The Hackberry tree (Celtis occidentalis) is one of the most unique trees native to North America, but you may not have heard of the Hackberry tree because it goes by many different names.
If you would like to know everything that can be known about this tree you have come to the right place.
Hackberry Tree: Names, Names, Names
“The creation of a thousand forests is in one acorn.” — Ralph Waldo Emerson
The first place to begin with the hackberry tree is by its many different names. One of the most confusing things about this tree is that many different names are used to refer to it. So, being au fait with all the different names this tree is known as.
The technical Latin name for this tree is Celtis occidentalis. The tree is most commonly known as the common hackberry. But it is also known under many different names in North America, including the following:
- Nettle tree
- American hackberry
- Northern hackberry
Whatever name you choose for it, this tree is a large deciduous tree. Deciduous trees and shrubs are those that shed their leaves, usually in the fall. The term “deciduous” makes reference to that as it means “tending to fall off” or “falling off at maturity”.
What Distinguishes A Hackberry Tree From Other Trees?
Actually, the hackberry tree is one of the most distinguishable trees in North America, even among elms and other hackberry trees because its bark is very much like cork and its protuberances look like warts.
But there are also some other features that distinguish this tree from others. There are also some other salient characteristics. For example, their leaves are quite distinct. They are very asymmetrical, but they also have a characteristically coarse texture.
During the mid-1990s, I collecteed thousands of hackberry fruits from trees all across the Midwest. I chemically analyzed each seed in order to formulate an equation relating the hackberry’s mineral makeup to the summer temperature under which it grew. – Hope Jahren
Hackberry trees produce small fruits, which can look quite different depending on the time of year. In the fall, its small fruits turn between orange, red, and even purple. These fruits can stay on the tree for several months at the time.
Some people confuse the common hackberry with the Celtis laevigata or sugarberry. Their main difference is that the common hackberry has wider, coarser leaves than the sugarberry. But there are also differences in their habitat and range.
What Does A Hackberry Tree Look Like?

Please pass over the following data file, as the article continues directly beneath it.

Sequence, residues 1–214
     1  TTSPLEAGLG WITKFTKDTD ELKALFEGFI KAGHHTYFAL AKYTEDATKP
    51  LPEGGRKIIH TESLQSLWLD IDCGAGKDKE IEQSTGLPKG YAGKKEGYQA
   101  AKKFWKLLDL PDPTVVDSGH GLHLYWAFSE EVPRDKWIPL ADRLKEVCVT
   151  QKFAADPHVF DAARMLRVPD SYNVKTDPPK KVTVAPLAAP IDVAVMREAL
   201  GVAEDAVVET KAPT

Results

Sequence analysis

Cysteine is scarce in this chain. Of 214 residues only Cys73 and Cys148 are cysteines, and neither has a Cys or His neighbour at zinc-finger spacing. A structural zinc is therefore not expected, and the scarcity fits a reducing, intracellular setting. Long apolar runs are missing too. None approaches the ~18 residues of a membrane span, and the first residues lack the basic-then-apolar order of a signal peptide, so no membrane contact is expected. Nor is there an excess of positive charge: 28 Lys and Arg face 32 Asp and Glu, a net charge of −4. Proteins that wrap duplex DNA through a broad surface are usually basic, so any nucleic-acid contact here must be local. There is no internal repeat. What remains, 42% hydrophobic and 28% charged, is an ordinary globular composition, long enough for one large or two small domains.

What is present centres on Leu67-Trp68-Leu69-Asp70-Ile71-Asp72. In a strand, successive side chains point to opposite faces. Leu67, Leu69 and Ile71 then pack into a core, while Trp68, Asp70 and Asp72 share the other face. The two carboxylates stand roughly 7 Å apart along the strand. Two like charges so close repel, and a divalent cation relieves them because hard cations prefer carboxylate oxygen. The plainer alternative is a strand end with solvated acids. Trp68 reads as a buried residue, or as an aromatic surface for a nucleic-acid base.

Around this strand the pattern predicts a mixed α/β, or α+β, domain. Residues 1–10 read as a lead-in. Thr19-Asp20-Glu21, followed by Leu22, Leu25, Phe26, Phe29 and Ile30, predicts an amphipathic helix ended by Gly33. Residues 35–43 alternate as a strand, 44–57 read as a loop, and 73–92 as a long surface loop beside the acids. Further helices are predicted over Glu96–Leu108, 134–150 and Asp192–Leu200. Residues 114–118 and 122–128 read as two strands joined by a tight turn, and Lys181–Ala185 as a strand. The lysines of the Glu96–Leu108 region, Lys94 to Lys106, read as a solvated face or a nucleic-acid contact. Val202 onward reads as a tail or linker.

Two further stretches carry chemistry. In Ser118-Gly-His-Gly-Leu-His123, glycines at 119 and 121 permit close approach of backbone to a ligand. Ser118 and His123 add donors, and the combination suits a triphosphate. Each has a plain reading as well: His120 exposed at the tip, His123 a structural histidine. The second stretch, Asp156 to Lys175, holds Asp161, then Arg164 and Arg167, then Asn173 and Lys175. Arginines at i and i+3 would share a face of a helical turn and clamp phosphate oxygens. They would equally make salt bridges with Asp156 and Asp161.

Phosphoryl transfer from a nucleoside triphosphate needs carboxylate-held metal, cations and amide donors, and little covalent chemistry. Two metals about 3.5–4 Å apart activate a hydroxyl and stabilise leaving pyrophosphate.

Hackberry trees are often thought of as medium-sized trees. They have a height between 30 to 50 feet (or 9 to 15 meters) and they have a characteristically slender trunk. But, sometimes, they can get to be up to 130 feet (40 meters) tall.
Their heads tend to have a round top and their branches are pendulous.
While the hackberry tree prefers to grow on soil that is rich and moist, it can also grow on rocky or gravelly hillsides, too.
Their bark is either silvery gray or light brown. There is usually a distinct pattern on the surface.
Their leaves are ovate. And the tree usually grows greenish flowers around the month of May.
Where Can The Hackberry Tree Be Found?
As we said earlier, this tree is native to North America. But its habitat is limited to a few places.
Mostly, its habitat goes from some areas of southern Quebec and Ontario in Canada to some parts of the region of New England, North Carolina, South Dakota, and northern Oklahoma. So, while the area covered is huge, it is far from encompassing the whole of North America.
In those southernmost regions that the common hackberry reaches there is some overlap with the sugarberry variety, which can be hard to distinguish from.
Fire And Other Ecological Issues
One of the biggest problems with the common hackberry tree is its high susceptibility to damage caused by fire blight.
But that is not the only issue with this tree. Its leaves are sometimes eaten by insects, which can, in turn, cause tremendous damage to the tree as a whole.
The small berries that this tree produces, known logically as hackberries, are eaten by many mammals and birds alike.
The common hackberry tree is often a host to butterfly larval.
What Is The Common Hackberry Good For?
“On the last day of the world, I would want to plant a tree.” — W. S. Merwin
Because of its characteristic, hackberry wood is not that commercially viable. Its color is an unappealing light yellow, and it is not very strong compared to other trees. This means that it is only used in the manufacturing of cheap furniture and fencing.
The best use human beings have found from this North American tree has been using it as a landscape or street tree. The reason for this is not necessarily its looks but its tolerance for urban conditions.
This use of the common hackberry tree is actually more popular in Europe than it is in its native North America. These days we can see hackberry trees in the streets of Serbian and Slovakia. In the capital city of Slovakia, Bratislava, it is common to see common hackberry trees alongside other similar trees that are Celtis australis that grow in Eurasia, and commonly known as Mediterranean hackberry, European nettle tree, lote tree, Mediterranean hackberry, or honeyberry. This other deciduous tree is native to Asia Minor, North Africa, and southern Europe.